• Step 5. Explore the entertaining moral argument possibilities between those two types.
    (Can you succeed and achieve without giving up your soul?)
  • Step 6. Brainstorm about the communication styles, "pinches", and blind spots of each of those two types.
    (Nick has various challenges that Gatsby can poke at and wreak havoc with.)
  • Step 7. Map your story using these Enneagram components and correlate them with the visible structure components we discussed last time.
    (This includes the protagonist, moral problem, chain of desire, focal relationship, opposition, plot & momentum (midpoint complication, low point, and final conflict), and evolution/de-evolution and is the more complex step where the story is broken down into a greater level of detail).

I've given you the quick version here. Jeff went into more detail during the class, which I highly recommend you listen to if this is of interest to you.

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Would you like to learn more?

Jeff will be teaching this entire system in much more detail at a live upcoming workshop that I'm co-hosting with him here in Berkeley, California on October 26 and 27. We'd love to have you join us!

In the Rapid Story Development workshop, you'll discover:

  • You will learn the basics of the Enneagram system and how it works to build stories, including hands-on exercises to illustrate how each Enneagram style operates and is motivated.
  • Your own Enneagram type, which will help you become a more conscious writer, so you can consciously know what you're writing, how you're writing, and why.
  • Deeper insights into the specifics of the Enneagram that inform how to set up truly compelling conflict, both story-wide and at the scene-level.
  • How to create antagonists that are perfectly designed to challenge your protagonists in a deeper way -- no more generic "bad guys"!
  • How to design and understand your character's natural motivations, communication styles, and conflict styles so that each character can have a unique and identifiable voice -- the end of characters all sounding the same!
  • How to translate your nebulous story ideas into a compelling narrative throughline that works from start to finish -- everything naturally intertwined to create a story that just feels right.
  • How to land on the underpinnings for key story beats, like your inciting incidents, turning points, midpoint complications, etc, so that they keep your story moving forward naturally without feeling forced.

You CAN learn a lot about this information in books and online -- in a piecemeal way. But no one other than Jeff has put this information together in such a cohesive system, and there's nothing quite like learning it in a hands-on, immersion environment with a master teacher right at your side. Plus, Jeff will be doing 1:1 story development work with every participant (either live in the workshop or following the workshop by phone), which is not to be missed.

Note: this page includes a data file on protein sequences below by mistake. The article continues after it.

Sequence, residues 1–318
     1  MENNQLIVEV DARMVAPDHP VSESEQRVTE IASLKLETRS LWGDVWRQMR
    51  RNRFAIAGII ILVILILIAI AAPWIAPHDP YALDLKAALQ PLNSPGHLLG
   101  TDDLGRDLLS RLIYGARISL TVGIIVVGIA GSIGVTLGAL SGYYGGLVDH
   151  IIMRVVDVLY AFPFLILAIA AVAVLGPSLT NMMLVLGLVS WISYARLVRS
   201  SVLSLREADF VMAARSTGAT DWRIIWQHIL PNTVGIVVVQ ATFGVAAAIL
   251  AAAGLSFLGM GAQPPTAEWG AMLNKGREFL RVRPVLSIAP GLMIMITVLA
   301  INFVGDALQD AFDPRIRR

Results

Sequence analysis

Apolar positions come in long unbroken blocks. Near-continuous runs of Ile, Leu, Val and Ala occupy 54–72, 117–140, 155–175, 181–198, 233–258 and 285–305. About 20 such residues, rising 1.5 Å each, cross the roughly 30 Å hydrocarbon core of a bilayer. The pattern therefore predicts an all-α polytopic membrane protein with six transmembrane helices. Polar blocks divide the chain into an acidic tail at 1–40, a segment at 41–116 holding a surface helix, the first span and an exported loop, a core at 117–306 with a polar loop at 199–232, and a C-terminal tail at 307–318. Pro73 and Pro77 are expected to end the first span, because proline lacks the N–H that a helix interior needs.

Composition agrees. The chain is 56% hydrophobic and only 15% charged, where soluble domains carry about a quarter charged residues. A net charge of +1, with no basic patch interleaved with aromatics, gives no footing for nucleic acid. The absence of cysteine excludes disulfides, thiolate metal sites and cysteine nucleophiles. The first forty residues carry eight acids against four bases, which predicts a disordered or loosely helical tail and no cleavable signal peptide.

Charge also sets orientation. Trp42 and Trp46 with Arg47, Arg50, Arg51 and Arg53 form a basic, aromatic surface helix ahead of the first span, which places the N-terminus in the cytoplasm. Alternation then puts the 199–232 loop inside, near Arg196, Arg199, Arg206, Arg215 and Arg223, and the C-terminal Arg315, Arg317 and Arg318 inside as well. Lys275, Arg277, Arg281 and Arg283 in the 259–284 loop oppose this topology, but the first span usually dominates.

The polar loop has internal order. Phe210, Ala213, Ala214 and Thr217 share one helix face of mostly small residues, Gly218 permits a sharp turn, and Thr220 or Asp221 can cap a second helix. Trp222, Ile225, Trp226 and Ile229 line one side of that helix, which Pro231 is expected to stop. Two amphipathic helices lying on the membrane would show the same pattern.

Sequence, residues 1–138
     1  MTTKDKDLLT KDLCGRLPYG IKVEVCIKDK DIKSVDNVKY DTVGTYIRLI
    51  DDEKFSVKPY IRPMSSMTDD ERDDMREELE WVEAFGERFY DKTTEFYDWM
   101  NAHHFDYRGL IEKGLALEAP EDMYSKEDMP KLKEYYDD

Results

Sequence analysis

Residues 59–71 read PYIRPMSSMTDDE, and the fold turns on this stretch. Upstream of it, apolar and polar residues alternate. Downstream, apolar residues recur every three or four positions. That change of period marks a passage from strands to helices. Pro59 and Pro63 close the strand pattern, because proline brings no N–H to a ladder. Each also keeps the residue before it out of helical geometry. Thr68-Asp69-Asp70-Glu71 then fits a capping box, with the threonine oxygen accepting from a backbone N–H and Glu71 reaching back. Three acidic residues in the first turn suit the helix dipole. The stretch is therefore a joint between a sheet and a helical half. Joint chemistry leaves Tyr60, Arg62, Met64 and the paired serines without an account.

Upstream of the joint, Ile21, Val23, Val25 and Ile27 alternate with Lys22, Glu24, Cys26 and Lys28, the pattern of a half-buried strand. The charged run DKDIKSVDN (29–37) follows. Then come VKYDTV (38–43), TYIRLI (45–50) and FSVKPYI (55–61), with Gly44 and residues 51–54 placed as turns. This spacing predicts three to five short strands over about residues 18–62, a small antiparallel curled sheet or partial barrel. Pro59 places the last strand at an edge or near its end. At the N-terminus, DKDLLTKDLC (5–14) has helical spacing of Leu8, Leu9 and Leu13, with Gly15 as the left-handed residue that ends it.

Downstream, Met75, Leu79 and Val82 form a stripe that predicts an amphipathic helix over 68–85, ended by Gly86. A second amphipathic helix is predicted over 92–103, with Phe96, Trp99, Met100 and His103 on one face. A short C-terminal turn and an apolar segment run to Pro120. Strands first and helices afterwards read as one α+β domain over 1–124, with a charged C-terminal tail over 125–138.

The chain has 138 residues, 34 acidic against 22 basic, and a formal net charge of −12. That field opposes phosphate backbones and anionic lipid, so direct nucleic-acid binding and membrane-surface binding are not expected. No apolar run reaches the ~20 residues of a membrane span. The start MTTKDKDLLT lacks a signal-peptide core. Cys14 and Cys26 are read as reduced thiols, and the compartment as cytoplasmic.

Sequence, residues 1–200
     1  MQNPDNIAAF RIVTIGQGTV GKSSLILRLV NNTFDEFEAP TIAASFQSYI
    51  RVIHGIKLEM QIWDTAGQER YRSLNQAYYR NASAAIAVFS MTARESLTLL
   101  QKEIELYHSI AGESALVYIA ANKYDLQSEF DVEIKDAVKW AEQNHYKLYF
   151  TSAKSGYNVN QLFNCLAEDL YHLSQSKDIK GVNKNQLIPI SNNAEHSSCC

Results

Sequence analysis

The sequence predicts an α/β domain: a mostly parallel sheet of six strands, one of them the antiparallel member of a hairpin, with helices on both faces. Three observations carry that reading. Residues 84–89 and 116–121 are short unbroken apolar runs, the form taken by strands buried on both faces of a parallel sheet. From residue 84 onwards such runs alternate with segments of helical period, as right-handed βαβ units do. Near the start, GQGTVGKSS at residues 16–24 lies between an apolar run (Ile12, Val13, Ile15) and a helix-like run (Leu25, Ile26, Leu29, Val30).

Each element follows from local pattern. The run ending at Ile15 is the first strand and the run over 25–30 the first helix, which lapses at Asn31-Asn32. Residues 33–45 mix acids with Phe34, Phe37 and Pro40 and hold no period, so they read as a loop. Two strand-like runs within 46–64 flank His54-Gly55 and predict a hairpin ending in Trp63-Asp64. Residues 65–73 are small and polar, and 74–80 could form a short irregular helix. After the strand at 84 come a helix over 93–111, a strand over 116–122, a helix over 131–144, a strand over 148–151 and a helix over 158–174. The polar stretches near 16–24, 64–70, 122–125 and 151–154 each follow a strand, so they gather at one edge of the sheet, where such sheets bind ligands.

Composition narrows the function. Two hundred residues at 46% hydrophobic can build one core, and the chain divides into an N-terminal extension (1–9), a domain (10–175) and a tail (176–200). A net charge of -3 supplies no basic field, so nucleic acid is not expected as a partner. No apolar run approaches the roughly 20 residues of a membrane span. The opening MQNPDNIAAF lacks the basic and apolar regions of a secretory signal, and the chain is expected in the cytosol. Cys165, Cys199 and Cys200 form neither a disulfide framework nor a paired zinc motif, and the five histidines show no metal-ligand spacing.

Find out more details and register at http://RapidStoryDevelopment.com (note that this link will take you to Jeff's website to register).

Your turn

Have you considered using the Enneagram in your story development? Will you consider using it in the future? We'd love to hear your thoughts in the comments.

Warmly,

 Jenna

You may also be interested in:

* Affiliate link
Image by © Royalty-Free/Corbis

Using the Enneagram for Story Development

Lyons Fin 018In the first class of my interview series with Enneagram and story development expert Jeff Lyons yesterday, we talked about "The Secrets of the Enneagram Most Writers Are Overlooking." We had a mix of participants on the line, it seemed to be about 50-50 on who had prior experience or knowledge of the Enneagram and who did not, and Jeff did a great job of making the material accessible to everyone. Today's post is a recap of what we learned.

Jeff talked about how powerful the Enneagram can be for writers because of its archetypal patterning of human drives and behaviors that transcend cultural boundaries.

He walked us through a quick overview of each of the nine Enneagram types, or styles, as he calls them. He describes the styles as being nine basic strategies for living, including showing us how we behave when we feel successful, weak, vulnerable, and strong. His descriptions of the types quickly demonstrated how powerfully the Enneagram types can be used for character development and why so many writers have used the Enneagram that way for so long. He also described several ways writers can use the Enneagram beyond simple character development, which I'll give you the highlights of in a moment.

The Nine Core Enneagram Styles

To start, though, let's take a look at the nine core Enneagram styles:

  • The One is the "do the right thing" person who derives their sense of safety, security, and love in the world by following the rules and doing things perfectly.